Right now we are getting it. Our attacking football on the pitch, yes, is outstanding at the moment. “Death by a thousand cuts” is how Mundial magazine described our 2nd. But on top of this we have a thrilling array of academy players (including a lad from Dereham. Dereham!), a manager with a unique philosophy and personality, an exciting fan-led movement improving the atmosphere at home games with some brilliant work by a wide array of talented people and, on top of it all, players that are genuinely leaving it all out there - not in a “he’s a model professional so that’s what he does” sort of way, but in a “I don’t want to let my team, and most importantly, my club down” sort of way. Imagine that, in the wider context of modern football. It’s rare now. It does not happen very often anymore. The players are all chasing and sweating and lung-busting and absolutely gunning for it because they do not want to let their club down. It’s such an exciting thing for the modern football supporter to witness.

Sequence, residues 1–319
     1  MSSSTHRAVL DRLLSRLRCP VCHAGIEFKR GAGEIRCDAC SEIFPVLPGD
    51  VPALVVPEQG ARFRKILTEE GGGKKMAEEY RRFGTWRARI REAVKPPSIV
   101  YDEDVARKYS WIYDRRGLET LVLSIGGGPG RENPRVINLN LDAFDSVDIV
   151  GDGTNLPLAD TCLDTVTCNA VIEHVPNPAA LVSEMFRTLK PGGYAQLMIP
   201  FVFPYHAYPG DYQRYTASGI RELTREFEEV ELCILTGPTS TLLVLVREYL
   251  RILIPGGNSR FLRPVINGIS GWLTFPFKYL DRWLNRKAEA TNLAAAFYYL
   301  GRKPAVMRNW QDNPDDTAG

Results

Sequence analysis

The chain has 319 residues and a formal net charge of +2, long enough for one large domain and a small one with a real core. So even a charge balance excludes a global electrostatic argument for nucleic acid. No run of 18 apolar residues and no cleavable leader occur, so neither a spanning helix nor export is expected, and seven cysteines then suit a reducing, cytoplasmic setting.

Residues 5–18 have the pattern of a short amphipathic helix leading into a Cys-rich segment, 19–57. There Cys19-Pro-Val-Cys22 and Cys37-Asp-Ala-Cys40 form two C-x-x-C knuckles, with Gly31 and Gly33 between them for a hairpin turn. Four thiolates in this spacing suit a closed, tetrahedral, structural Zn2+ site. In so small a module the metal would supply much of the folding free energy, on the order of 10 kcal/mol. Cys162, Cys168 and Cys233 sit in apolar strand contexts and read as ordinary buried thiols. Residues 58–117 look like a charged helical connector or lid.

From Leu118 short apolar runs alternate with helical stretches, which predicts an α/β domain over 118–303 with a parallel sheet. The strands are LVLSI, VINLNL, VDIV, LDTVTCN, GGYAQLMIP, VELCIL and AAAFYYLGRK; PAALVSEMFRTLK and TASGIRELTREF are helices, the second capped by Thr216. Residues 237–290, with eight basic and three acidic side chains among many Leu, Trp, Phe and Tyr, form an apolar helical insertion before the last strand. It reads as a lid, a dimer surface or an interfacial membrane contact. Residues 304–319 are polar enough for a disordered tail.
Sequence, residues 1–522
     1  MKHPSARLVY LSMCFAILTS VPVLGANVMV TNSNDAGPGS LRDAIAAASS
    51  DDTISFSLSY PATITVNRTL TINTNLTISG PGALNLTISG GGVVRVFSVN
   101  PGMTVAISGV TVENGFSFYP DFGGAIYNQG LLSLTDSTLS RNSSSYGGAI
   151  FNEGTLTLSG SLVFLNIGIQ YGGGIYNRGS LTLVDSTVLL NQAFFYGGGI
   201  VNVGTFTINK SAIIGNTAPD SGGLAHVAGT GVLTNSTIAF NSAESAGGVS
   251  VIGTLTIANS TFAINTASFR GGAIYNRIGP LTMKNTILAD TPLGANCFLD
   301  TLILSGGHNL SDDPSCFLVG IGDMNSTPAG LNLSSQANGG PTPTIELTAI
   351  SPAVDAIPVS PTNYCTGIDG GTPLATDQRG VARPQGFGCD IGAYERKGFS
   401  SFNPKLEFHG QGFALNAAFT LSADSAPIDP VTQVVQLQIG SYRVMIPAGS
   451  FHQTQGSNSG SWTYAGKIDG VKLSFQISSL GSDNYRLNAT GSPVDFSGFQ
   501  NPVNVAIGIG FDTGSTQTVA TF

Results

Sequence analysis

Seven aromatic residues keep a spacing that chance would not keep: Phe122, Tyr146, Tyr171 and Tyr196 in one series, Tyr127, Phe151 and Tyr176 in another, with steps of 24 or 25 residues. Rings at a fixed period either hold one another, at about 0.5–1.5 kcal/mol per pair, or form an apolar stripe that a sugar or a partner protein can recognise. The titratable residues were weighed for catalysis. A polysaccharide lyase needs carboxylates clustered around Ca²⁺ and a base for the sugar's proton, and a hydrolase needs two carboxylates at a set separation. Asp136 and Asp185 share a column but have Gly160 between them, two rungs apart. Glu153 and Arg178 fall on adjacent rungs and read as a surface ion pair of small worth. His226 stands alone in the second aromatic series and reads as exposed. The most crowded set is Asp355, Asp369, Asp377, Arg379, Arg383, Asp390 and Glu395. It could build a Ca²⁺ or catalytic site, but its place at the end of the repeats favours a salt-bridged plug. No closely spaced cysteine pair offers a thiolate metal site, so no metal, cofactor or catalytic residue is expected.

So now it feels that this is us. This is what it means to support a team like Norwich. The young lad holding his mum’s hand singing the "Super Tommy Trybull" song as he walks back to the train station; the roar from the Barclay as an aggressive but clean and committed tackle flies in on the high midfield press; the pride of our players as they speak about each other in the interview room the scoreboard flashing the 90s style “COME ON YOU YELLOWS” at a corner; the excited old boys on the train comparing this side to great Norwich sides of the past; songs about Timm Klose buying a house in Diss; an exciting young player bombing forward up the middle and receiving a standing ovation from people who are from the same small rural market town as him; the grin of the young girl waving the big green and yellow flag in the Barclay.
This is how it feels when Norwich City is everything it should be. And it’s all we want “up here”.
Moment of the Match
Unquestionably Rhodes’ equaliser which completely swung momentum in our favour. Villa fell apart quicker than a cardboard box in my pet rats’ cage, and suddenly everyone was up for it. Chasing, rushing, tackles, blocking, lung busting runs. Songs a-plenty in the Barclay. There was only going to be one winner.
Random Star Performer